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The Test Sample
What is being tested?
Legionella is a type of bacteria that can cause a serious form of pneumonia called Legionnaires disease. Legionella testing detects the presence of the bacteria to help diagnose the cause of a person's pneumonia.
A legionella infection affects the lower respiratory tract, often requires hospitalization, and has a significant mortality rate. In addition to pneumonia, Legionella bacteria can also cause Pontiac fever, a milder and self-limiting illness with flu-like symptoms. Together, Legionnaires disease and Pontiac fever are referred to as legionellosis.
Legionella bacteria are found naturally throughout the environment. They prefer warm, stagnant water and can grow in the plumbing systems of large buildings such as hotels, hospitals, and cruise ships. The bacteria may contaminate whirlpool spas, drinking and bathing water, hot water tanks, air conditioning cooling towers, ice machines, humidifiers, and public fountains.
Infections occur when an individual inhales airborne water droplets such as steam or mist that are contaminated with Legionella bacteria. The bacteria are not passed from one person to another, but many people can become infected by the same contaminated water source, potentially resulting in a legionellosis outbreak. According to the Centers for Disease Control and Prevention (CDC), legionellosis outbreaks occur any time two or more people become ill in the same place at about the same time.
State and local health departments have jurisdiction over legionellosis outbreaks in their state; however, legionellosis is a nationally notifiable disease and state health departments should report all laboratory-confirmed cases to the CDC.
Pontiac fever typically develops within 24-48 hours while Legionnaires disease develops within a few days to a couple of weeks. According to the CDC, about 8,000 to 18,000 people are hospitalized with Legionnaires disease each year. The actual number of people affected by legionellosis is likely much higher as most cases of Pontiac fever and many cases of Legionnaires disease are thought to go undiagnosed.
Although anyone may be affected, adults over 50 are at the highest risk for Legionnaires disease, as are those who smoke, have lung diseases, or have compromised immune systems (such as those with HIV/AIDS, cancer, or who are taking immunosuppressant medications). People with chronic underlying diseases such as diabetes, kidney disease, or liver disease are also more vulnerable, and men are affected more often than women. Most cases of Legionnaires disease are sporadic, but they may also be seen in outbreaks, which typically occur during the summer and early fall. Pontiac fever is frequently linked with outbreaks.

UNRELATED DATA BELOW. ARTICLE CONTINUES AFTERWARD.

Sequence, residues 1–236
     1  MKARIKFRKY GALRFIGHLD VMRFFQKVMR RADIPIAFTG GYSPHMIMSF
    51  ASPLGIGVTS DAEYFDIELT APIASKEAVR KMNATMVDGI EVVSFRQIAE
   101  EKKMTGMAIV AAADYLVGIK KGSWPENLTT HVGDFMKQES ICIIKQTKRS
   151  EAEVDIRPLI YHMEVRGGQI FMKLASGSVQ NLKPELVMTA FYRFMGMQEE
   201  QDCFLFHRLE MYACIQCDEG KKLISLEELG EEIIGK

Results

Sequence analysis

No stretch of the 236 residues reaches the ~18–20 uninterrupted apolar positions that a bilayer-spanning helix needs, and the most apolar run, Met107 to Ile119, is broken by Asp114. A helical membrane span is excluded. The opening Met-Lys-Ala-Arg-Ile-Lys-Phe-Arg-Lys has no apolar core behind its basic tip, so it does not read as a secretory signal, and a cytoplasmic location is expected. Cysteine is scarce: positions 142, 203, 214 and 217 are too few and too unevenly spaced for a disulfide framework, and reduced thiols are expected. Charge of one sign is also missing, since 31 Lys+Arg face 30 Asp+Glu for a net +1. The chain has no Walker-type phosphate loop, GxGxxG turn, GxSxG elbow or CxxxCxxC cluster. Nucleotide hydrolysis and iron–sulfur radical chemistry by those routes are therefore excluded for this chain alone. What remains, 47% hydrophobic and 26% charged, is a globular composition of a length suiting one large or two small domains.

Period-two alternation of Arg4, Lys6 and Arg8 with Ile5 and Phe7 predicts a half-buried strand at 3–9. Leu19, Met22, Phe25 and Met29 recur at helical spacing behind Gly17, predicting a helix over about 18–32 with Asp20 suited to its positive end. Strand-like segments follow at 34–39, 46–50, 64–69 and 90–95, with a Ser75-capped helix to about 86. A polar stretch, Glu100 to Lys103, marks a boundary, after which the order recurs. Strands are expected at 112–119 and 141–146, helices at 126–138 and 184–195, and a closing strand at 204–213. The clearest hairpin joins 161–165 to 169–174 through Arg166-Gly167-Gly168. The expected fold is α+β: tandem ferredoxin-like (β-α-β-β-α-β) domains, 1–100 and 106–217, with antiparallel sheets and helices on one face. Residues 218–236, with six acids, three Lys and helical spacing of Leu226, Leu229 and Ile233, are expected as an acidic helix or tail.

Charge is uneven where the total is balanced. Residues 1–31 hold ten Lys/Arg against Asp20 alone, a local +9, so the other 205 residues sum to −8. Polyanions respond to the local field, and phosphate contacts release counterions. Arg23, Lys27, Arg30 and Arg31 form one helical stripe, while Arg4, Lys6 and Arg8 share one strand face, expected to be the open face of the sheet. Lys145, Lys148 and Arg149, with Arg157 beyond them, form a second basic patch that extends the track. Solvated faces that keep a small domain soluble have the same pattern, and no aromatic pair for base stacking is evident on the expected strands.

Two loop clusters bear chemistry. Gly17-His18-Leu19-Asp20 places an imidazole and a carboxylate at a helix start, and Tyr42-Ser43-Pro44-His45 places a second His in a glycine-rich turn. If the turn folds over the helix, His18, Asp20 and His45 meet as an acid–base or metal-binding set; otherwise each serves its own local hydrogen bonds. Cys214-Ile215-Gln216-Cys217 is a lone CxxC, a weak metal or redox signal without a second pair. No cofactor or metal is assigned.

There are many different types of Legionella bacteria, but only a few are common. In the United States, as many as 80% of legionella infections in adults are caused by Legionella pneumophila, serogroup 1 (a subtype of the species). Other serogroups of L. pneumophila, including 4 and 6, cause a number of cases. Other species of Legionella, such as Legionella micdadei, Legionella bozemanii, Legionella dumoffii, and Legionella longbeachae, may cause infections in children and/or are more prevalent in other parts of the world.
A few different types of tests are available to help diagnose infections caused by Legionella bacteria:
- An antigen test that detects a protein made by the bacteria in urine is one of the most common tests.
- The bacteria may also be detected by culturing sputum, respiratory secretions, or other body fluids.
- A molecular test (polymerase chain reaction, PCR) may be used to identify Legionella in respiratory samples.
How is the sample collected for testing?
The sample collected depends on the test to be performed.
- For antigen testing, a random urine sample is collected in a sterile cup provided by the laboratory or health practitioner's office.
- For culture or molecular testing, a sputum sample may be expectorated or induced. Expectorated samples are coughed up and expelled into a sterile cup provided by the laboratory or health practitioner's office. The person's mouth should be rinsed with water or saline prior to sample collection. Deep coughing is generally required, and the person should be informed that it is phlegm/mucus from the lungs that is necessary, not saliva. If someone cannot produce a sputum sample, then it can often be induced by inhaling a sterile saline or glycerin aerosol for several minutes to loosen phlegm in the lungs. Respiratory secretions, other body fluid samples, and any tissue biopsy samples are collected by a health practitioner.
NOTE: If undergoing medical tests makes you or someone you care for anxious, embarrassed, or even difficult to manage, you might consider reading one or more of the following articles: Coping with Test Pain, Discomfort, and Anxiety, Tips on Blood Testing, Tips to Help Children through Their Medical Tests, and Tips to Help the Elderly through Their Medical Tests.
Another article, Follow That Sample, provides a glimpse at the collection and processing of a blood sample and throat culture.
Is any test preparation needed to ensure the quality of the sample?
No test preparation is needed.